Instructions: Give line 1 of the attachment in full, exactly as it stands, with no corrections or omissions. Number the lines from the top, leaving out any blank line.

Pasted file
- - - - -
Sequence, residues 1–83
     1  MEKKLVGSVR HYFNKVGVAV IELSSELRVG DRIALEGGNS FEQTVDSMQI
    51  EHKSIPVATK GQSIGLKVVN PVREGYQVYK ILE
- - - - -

Sequence, residues 1–83